Observers of the S&P 500 might notice the absence of a familiar name starting Wednesday: Sears is being dropped from the index, after being a part of it since the S&P's creation in 1957, reports CNNMoney. One of the main reasons cited for the move is a bit technical, explains the Wall Street Journal: The number of Sears shares held by public investors, or the "public float," has fallen below the necessary 50% threshold for inclusion.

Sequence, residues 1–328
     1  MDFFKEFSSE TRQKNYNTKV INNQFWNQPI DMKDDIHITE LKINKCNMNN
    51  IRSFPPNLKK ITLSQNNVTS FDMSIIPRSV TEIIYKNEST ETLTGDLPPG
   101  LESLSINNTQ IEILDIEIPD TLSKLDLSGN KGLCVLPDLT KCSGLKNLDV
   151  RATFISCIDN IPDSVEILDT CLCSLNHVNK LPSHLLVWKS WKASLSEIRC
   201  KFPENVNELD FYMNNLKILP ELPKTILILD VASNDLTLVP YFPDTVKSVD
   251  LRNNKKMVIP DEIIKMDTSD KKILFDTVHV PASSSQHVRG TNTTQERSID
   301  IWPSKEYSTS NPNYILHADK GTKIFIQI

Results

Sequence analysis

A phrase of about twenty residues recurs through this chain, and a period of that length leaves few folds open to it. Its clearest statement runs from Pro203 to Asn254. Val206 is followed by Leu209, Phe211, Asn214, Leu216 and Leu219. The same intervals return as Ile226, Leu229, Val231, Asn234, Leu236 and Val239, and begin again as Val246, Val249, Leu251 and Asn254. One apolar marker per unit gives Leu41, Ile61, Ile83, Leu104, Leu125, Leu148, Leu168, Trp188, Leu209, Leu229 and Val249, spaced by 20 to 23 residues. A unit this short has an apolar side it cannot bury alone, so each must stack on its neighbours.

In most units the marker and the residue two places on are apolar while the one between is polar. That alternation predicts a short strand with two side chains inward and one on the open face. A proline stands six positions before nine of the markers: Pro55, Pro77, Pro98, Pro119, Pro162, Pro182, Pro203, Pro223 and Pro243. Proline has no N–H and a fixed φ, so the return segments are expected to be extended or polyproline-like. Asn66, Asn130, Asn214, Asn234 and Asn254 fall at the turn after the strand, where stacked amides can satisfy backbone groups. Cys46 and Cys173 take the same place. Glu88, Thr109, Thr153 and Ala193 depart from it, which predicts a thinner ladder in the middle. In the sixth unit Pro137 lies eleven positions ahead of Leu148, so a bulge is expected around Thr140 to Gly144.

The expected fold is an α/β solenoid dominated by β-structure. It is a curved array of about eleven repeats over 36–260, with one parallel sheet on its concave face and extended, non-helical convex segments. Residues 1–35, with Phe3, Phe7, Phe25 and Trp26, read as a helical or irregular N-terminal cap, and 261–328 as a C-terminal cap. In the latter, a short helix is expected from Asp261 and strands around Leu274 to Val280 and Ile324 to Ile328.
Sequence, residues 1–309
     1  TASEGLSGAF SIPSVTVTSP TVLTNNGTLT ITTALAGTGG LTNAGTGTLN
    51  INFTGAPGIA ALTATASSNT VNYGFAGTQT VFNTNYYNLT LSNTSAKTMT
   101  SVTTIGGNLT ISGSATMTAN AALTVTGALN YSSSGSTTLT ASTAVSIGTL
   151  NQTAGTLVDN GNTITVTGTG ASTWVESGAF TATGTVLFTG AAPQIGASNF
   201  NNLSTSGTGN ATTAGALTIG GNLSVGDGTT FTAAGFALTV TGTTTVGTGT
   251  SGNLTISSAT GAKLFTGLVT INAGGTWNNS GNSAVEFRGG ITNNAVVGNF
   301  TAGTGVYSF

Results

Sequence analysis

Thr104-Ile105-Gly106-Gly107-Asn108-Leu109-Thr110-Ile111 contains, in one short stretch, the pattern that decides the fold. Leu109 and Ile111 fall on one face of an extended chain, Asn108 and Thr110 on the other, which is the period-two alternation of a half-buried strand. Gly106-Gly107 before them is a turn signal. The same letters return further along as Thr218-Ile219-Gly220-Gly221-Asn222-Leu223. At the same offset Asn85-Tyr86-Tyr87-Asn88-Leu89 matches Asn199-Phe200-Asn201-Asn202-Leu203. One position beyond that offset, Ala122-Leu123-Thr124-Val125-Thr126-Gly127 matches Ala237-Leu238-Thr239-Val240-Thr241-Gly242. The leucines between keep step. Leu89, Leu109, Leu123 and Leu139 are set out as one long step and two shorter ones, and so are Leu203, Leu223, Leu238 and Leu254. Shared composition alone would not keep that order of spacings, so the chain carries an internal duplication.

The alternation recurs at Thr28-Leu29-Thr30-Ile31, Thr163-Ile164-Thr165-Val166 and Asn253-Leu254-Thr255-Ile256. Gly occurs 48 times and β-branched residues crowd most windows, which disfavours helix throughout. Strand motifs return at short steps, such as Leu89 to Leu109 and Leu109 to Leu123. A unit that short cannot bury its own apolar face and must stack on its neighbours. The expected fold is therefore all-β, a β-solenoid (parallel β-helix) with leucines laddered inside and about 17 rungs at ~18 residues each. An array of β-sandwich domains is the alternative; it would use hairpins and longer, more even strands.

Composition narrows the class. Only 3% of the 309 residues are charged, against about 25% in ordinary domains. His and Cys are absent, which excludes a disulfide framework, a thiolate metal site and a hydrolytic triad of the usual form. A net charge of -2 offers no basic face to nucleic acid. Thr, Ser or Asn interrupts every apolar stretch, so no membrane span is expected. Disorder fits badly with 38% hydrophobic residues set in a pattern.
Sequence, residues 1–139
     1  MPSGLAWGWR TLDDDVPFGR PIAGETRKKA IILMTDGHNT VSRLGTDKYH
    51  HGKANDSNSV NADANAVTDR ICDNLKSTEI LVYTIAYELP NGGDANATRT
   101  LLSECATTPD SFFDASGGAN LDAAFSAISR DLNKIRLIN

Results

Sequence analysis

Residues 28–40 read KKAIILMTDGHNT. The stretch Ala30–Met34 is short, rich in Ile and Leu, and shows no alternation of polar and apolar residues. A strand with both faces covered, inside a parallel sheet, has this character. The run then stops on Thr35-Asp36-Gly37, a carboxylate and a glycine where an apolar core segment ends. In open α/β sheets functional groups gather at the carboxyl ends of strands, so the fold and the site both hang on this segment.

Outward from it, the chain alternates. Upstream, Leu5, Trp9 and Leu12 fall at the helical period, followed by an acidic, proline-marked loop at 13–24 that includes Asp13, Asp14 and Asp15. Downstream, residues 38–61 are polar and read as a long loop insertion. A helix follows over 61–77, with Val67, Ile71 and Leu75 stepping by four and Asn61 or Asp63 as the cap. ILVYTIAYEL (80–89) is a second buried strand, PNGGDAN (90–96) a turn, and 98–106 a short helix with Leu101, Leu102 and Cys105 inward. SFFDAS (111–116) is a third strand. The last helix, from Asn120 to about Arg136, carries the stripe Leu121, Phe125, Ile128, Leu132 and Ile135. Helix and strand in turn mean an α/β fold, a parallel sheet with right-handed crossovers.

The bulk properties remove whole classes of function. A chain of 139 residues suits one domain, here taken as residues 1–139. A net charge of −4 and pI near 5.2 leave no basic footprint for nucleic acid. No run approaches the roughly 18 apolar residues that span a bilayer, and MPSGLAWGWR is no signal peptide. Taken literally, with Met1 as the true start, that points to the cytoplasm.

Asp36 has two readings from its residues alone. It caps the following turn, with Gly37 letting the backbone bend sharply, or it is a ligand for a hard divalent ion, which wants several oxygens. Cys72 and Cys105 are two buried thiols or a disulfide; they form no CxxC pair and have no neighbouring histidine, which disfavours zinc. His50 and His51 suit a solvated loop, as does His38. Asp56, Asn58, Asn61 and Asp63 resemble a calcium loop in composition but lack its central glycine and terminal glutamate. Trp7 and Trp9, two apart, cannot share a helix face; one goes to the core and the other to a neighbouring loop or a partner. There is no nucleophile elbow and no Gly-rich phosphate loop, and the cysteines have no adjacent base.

Shares of Sears Holding Company—parent of the Sears, K-Mart, and Land's End chains— were down 8% today on the news, notes the Chicago Tribune. That's typical because mutual funds that mimic the S&P have to sell their Sears stock and buy up that of its replacement on the index. And that company is ... Dutch chemical firm LyondellBasell Industries.